The divergence of rhetoric from reality resembles that of a hundred years ago, when reformers first supported registration laws. Although the reformers talked about "corruption," they didn't really mean vote-buying or repeat voting. They meant the wrong kind of people voting: "Universal suffrage," one reformer noted in 1903, meant "'tramp' suffrage"; it meant "licensed mobocracy."

Perhaps most egregiously, reformers obsessed over picayune and hidden corruption while ignoring the commonplace, open-air corruption that festered in front of their faces. The Democratic candidate for Pittsburgh's mayoralty, George Guthrie, lost in 1896 but claimed bitterly that he had won "a majority of the free and unbought voters." And indeed, in that era, one or two McGintyesque repeaters were caught in Pittsburgh. Yet such minor fraud--though real and probably common enough in those days of higher turnout--paled in comparison to the wholesale disfranchisement of voters carried on at the same time. After years of keeping the black vote down through terrorism, southern Democrats set about doing it by law, rewriting their state Constitutions to include new restrictions such as registration, residency requirements, and poll taxes. While, in keeping with the Fifteenth Amendment, those laws did not explicitly mention black voters, they nevertheless severely reduced black turnout. States of the North and West followed suit, seeking to disfranchise immigrants. Thus did Americans openly corrupt their democracy, and vote reformers spoke little, if at all, against it.


For this reason Americans--and indeed all citizens of newly security-minded nations--should balk at these new calls of "papers, please." Requirements designed to restrict voting, enforced at the discretion of polling-place minders, leave a tremendous amount of power in the hands of those workers. One hundred years ago, such workers commonly found blacks less suitable for voting than whites and immigrants less suitable for voting than native-born. And voter turnout then began to fall to its current, lamentable level. This is the real fraud of American democracy--not too much voting, but too little. To make it a priority that fewer people vote is madness--if it isn't anti-democratic partisan activism meant to thwart the will of the citizenry.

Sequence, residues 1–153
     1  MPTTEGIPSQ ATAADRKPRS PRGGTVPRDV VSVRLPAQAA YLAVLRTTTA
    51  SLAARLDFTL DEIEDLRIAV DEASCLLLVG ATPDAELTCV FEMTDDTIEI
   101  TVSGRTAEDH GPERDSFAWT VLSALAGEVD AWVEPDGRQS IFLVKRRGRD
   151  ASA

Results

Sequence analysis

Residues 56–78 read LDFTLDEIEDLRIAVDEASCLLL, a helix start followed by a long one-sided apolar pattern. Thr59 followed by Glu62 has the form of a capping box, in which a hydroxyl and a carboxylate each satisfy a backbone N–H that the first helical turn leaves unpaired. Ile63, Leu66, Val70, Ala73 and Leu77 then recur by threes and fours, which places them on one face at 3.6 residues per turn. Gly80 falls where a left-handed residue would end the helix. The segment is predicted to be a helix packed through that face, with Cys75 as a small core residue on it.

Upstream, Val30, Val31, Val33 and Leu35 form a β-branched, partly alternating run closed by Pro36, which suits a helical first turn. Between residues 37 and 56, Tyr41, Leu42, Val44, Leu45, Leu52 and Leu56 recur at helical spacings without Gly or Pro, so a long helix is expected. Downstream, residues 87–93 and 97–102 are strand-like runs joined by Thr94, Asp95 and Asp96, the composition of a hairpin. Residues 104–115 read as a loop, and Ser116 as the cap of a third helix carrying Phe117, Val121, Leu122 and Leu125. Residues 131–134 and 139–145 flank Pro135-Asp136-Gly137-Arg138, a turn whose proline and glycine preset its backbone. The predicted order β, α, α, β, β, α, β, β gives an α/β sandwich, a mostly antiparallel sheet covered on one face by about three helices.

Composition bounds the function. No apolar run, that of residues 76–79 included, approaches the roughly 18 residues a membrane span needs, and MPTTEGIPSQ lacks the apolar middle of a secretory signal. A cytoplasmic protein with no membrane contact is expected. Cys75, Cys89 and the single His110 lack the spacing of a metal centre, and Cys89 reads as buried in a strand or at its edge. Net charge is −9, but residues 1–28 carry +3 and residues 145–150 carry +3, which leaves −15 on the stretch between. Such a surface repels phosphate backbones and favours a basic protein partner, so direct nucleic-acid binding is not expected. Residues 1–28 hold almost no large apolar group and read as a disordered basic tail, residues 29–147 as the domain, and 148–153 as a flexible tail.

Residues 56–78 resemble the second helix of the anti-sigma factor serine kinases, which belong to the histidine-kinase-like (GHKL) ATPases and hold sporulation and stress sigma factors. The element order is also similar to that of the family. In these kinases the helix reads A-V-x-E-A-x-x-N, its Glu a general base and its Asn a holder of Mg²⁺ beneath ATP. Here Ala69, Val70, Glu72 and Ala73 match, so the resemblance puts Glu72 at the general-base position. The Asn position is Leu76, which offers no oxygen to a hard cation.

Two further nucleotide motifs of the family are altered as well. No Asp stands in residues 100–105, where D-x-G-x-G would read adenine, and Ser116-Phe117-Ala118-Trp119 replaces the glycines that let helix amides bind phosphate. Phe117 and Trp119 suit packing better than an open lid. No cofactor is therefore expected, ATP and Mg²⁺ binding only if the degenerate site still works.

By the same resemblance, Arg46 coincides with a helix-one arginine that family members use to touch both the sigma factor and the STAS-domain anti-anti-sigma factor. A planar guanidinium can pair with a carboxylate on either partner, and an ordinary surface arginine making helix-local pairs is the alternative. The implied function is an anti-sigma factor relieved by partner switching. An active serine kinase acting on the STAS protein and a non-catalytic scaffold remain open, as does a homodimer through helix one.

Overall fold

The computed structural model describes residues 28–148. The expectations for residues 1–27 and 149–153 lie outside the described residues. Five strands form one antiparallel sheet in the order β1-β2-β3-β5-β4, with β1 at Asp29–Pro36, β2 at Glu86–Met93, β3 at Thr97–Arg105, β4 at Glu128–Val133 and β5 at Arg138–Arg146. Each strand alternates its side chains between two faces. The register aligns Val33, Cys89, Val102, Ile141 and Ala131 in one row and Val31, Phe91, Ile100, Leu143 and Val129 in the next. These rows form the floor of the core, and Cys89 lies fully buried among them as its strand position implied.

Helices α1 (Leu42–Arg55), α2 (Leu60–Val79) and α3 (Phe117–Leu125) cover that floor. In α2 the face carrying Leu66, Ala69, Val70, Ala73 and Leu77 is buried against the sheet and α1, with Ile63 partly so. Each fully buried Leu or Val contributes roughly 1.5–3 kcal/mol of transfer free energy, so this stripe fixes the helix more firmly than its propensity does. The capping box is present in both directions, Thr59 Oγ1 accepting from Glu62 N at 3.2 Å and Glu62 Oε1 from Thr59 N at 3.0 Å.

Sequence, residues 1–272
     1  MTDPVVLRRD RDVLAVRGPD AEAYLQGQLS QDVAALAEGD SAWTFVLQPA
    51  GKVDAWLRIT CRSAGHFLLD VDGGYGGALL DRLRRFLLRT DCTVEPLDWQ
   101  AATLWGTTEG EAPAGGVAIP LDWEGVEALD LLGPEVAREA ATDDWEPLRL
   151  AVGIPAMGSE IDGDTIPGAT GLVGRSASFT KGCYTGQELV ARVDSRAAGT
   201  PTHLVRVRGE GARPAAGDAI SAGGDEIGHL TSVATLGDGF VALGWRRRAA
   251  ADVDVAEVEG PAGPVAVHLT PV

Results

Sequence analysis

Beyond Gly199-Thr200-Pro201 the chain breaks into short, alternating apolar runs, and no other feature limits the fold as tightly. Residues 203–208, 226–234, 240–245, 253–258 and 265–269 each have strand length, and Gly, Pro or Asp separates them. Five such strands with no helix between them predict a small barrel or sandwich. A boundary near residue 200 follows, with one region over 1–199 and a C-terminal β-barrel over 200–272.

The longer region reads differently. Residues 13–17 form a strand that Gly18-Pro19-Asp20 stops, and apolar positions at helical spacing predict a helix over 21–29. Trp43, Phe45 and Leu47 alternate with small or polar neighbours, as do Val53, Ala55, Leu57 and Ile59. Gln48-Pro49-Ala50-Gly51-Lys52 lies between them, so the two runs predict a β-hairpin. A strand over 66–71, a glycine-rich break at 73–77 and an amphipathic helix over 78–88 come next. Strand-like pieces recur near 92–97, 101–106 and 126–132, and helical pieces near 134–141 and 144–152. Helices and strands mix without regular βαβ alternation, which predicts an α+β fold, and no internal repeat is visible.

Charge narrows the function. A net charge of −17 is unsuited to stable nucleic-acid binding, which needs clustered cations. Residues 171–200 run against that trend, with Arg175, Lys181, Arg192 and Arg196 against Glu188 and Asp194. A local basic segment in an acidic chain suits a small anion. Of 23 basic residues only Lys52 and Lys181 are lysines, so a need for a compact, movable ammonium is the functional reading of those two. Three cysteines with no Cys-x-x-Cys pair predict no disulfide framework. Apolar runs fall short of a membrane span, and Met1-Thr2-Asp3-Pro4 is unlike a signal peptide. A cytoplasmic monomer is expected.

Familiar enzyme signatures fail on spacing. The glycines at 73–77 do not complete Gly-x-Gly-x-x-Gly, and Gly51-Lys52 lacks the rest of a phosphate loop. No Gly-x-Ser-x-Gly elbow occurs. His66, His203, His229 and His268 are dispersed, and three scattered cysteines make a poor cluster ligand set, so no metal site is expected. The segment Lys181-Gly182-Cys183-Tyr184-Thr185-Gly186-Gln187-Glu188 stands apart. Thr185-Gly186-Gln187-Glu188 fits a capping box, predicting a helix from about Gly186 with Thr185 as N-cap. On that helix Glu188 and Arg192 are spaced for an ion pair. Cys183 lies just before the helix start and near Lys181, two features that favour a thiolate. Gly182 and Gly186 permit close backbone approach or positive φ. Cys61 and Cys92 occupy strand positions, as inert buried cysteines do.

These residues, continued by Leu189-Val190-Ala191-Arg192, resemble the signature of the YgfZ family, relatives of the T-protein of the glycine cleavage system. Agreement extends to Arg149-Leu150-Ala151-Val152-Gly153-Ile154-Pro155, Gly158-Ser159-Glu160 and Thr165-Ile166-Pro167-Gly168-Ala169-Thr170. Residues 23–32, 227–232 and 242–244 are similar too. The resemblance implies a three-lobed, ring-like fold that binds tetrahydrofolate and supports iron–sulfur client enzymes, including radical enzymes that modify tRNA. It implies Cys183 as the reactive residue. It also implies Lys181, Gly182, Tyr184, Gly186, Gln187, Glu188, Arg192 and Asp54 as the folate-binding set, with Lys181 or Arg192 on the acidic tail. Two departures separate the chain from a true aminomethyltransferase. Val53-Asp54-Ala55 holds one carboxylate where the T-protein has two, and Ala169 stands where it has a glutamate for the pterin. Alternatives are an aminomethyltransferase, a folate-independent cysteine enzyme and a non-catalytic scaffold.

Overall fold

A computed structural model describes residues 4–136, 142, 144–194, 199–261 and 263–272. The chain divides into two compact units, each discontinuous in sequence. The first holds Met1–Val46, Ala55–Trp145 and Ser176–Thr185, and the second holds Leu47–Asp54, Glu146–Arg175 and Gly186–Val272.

Along with the new immigration bill, which would create a legal caste of guest-workers bearing documentation of their second-class standing, and the REAL ID law, which would require that we provide extraordinary proof of citizenship to drive or buy booze, the new push for voter identification threatens simply to codify in law what we already do: treat certain classes of people poorly. Until now, Americans have generally had the decency to rebel against writing such prejudices into law even as we continue to practice them. The gap between reality and ideal has helped remind us that we want better for our children, who should do as we say and not as we do. Under these laws we begin to surrender even the shield of our hypocrisy.

By Eric Rauchway